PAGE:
Changes in landscape causing changes in approaches

In computer science research, a trend I’ve noticed in research is the trend of creation of an area -> research into that area until most of that theory is solved -> work on the problem in slightly different contexts.

For example, in program synthesis, the creation of the area is first formalizations of computation (thanks Turing and Church!).  Finding a program that meets a general specification is an undecidable problem, but the programs themselves are recursively enumerable.  We can build some naive enumeration of the programs, and be done with it, saying “they are now recursively enumerable.”

Next, the problem stops being in the purely abstract, and starts being in the practical.  Processors have become faster, and SAT solvers have become insane, and program synthesis looks more possible.  Now, merely having an enumeration is not enough.  While all the programs are recursively enumerable, we want to know, is there a nice way we can enumerate.  Can we enumerate so that simpler programs are enumerated first, under the assumption that simpler programs are more likely to be the programs needed in practice.  This can be done for a while, and then certain abstractions can be made to hit a larger class of problems.  SyGuS gets developed and makes it so that those problems get solved.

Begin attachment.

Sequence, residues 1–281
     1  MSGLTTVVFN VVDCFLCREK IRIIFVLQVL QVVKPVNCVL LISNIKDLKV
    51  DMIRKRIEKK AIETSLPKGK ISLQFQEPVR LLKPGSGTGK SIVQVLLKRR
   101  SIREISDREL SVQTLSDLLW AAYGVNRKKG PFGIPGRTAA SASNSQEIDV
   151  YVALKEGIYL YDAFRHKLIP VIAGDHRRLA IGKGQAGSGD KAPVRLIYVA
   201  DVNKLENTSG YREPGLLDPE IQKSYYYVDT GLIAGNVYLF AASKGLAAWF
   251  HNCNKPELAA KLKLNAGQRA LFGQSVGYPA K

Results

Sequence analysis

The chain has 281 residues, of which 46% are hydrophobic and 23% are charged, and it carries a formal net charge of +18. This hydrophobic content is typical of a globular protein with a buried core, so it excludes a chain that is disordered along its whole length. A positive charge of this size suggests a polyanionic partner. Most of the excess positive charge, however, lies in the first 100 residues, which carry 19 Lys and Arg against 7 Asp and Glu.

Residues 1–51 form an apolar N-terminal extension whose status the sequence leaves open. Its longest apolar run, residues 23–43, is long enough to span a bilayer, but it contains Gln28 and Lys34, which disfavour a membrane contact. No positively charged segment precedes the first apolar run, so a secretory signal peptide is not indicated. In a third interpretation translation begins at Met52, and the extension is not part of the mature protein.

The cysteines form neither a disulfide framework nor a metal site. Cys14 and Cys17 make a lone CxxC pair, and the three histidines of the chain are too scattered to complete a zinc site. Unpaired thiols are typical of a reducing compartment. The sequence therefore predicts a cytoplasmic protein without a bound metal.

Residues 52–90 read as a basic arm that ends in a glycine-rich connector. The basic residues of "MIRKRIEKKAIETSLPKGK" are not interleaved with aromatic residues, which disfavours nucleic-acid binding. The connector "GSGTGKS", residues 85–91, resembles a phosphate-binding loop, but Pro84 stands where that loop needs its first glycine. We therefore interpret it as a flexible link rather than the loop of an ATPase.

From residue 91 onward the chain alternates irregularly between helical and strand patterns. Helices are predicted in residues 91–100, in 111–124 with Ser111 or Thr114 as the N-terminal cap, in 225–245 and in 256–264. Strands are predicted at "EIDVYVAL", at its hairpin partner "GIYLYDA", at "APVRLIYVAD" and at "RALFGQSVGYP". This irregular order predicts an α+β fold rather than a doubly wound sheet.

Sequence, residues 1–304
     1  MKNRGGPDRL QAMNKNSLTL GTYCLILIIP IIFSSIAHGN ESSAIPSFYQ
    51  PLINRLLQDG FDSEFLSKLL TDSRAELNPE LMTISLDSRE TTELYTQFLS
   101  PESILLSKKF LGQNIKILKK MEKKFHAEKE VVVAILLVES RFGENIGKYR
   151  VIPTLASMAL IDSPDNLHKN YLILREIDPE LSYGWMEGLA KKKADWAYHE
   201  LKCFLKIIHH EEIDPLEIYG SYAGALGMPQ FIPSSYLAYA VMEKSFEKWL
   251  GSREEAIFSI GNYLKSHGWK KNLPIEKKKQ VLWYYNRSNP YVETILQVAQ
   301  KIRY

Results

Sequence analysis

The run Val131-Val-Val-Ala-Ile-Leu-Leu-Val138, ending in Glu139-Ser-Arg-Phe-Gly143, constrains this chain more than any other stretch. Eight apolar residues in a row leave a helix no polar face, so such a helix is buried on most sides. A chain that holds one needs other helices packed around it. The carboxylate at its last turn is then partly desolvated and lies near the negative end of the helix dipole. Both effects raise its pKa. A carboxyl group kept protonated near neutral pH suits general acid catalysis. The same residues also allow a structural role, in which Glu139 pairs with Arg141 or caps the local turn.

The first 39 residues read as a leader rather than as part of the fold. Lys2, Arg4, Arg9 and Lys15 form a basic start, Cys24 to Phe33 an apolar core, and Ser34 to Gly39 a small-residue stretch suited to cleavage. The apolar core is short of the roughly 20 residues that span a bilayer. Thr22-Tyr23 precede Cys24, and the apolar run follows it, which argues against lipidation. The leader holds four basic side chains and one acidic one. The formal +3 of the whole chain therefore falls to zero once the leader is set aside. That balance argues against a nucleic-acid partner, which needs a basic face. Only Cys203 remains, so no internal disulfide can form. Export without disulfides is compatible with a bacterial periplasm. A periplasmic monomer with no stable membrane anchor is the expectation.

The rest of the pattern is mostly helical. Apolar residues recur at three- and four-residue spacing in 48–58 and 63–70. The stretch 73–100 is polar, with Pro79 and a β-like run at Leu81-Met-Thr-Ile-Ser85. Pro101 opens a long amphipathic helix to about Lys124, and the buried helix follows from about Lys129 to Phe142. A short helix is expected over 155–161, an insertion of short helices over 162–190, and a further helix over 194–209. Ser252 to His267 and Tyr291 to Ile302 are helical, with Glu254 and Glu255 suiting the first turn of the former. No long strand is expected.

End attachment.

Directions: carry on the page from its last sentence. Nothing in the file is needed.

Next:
Then, inevitably, new problems arise.  What about using synthesis on  probabilistic models.  This can fit into the problems SyGuS solves (although with the added complication of needing a slightly different metric for finding correct – correct meaning in this situation the best fitting non-overfit model), but it doesn’t in practicality without significant changes.  Merely searching through the models doesn’t work, as this problem is slightly different than the others, the search space of likely programs is smaller, but the programs take much more time to evaluate.  This causes a new problem, how do we handle this slow evaluation.  Are there ways to share computation of the evaluations between models?  Is a slightly differently oriented search space perhaps better for sharing evaluations than the standard approach?  By looking at finer grained problems, different optimizations can be put in place, providing new research opportunities.

EDIT: Originally this was intended to be looking at how looking at smaller things provides potentially very different problems, but after rereading, much of it seems to just be merely stealing Dave’s confluences speech.  Oh well, someday I’ll have a unique thought…